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Comparative evaluation of investigations for colorectal carcinoma in symptomatic patients.
  1. L. Kalra,
  2. A. N. Hamlyn
  1. Department of Gastroenterology, Russells Hall and Wordsley Hospitals, Midlands, UK.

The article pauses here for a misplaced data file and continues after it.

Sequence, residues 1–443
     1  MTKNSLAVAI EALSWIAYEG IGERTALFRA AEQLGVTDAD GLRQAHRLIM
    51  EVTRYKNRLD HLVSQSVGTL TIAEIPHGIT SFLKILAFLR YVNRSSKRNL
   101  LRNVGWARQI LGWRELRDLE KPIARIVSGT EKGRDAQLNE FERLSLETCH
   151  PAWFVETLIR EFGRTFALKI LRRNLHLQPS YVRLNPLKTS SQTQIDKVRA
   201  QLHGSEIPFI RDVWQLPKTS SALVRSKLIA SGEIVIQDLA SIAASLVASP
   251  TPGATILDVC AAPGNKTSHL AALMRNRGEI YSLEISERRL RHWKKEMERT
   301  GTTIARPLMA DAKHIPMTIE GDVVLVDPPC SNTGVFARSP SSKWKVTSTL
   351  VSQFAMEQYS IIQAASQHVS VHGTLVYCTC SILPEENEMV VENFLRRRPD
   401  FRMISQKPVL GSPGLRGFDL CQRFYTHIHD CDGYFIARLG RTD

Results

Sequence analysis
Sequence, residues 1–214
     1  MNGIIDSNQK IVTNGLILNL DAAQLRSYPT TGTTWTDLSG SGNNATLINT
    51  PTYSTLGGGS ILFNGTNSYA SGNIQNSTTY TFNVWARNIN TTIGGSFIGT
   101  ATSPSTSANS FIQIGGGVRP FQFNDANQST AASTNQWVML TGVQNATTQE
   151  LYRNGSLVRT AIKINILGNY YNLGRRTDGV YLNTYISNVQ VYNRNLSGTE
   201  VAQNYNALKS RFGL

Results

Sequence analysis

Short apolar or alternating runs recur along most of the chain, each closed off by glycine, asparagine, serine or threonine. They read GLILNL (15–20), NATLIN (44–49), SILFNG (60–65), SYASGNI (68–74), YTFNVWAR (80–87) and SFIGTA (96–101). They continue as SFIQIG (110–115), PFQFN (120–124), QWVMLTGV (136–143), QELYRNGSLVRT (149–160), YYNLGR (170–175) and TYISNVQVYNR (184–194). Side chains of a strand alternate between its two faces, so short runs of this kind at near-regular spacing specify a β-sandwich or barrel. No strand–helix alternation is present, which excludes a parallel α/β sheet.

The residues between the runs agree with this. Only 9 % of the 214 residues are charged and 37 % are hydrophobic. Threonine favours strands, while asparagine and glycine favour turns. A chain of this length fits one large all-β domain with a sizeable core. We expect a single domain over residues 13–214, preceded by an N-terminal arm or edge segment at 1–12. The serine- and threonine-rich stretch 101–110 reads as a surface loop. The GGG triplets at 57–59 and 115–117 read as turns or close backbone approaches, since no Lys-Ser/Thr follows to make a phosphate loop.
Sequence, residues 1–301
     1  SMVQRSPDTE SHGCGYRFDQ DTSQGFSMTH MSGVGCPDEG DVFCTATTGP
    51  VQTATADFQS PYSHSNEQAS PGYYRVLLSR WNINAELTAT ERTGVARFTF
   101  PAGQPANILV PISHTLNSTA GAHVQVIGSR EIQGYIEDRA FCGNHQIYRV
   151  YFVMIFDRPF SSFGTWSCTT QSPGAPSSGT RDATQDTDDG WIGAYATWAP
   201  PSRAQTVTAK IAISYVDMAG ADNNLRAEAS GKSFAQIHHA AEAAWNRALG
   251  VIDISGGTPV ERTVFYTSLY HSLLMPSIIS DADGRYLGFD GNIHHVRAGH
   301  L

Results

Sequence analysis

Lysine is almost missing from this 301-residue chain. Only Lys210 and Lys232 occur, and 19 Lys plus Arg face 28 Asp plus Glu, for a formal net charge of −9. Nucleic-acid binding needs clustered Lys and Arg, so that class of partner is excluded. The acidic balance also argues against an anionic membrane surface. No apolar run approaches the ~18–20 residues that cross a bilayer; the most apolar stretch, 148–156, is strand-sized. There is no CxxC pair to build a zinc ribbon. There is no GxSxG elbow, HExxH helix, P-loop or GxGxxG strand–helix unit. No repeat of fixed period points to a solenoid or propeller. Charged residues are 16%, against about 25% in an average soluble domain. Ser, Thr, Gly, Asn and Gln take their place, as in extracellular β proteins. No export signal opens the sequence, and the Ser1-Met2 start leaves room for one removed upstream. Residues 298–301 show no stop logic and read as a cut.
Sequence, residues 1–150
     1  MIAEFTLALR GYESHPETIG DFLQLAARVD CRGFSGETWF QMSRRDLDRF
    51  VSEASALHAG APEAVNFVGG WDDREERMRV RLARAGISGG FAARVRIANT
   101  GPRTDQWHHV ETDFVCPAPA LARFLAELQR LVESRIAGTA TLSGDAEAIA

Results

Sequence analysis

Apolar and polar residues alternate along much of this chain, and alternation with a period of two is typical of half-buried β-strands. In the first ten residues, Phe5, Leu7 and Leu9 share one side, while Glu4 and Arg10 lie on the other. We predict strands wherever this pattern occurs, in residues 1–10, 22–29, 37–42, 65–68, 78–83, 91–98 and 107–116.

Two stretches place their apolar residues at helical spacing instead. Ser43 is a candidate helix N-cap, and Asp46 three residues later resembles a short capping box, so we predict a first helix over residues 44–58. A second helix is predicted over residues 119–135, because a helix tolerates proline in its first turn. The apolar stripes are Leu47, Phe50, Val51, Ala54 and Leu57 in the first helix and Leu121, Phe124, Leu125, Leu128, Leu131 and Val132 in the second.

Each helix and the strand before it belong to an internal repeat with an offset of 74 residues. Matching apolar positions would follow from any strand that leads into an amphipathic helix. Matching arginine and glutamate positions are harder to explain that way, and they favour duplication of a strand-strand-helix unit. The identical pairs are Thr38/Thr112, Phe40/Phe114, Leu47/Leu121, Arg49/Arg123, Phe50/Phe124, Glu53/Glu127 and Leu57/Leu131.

We studied 154 patients presenting with significant colonic symptoms and subsequently diagnosed to have colorectal carcinoma. They were investigated by faecal occult blood tests, fibresigmoidoscopy, double contrast barium enema (DCBE) and colonoscopy. Faecal occult blood tests (Haemoccult) alone were positive in 26% of patients with Dukes' A, in 69% with Dukes' B and in 64% with Dukes' C lesions. DCBE alone identified the lesion in 32% of Dukes' A, 79% of Dukes' B and 81% of Dukes' C carcinomas. Fibresignoidoscopy diagnosed colorectal malignancy in 84% of patients with Dukes' A, 90% with Dukes' B and 81% with Dukes' C stage. A diagnostic yield of 88% for Dukes' A, 96% for Dukes' B and 100% for Dukes' C carcinomas was seen with colonoscopy. Detection rate for all stages of carcinoma was greater than 95% when fibresigmoidoscopy and DCBE were used together. Faecal occult blood tests and DCBE alone are inadequate in diagnosing early malignancy in symptomatic patients. Fibresigmoidoscopy and DCBE used in conjunction compare favourably with the technically difficult procedure of colonoscopy and should routinely be undertaken in these patients before malignancy can confidently be excluded.

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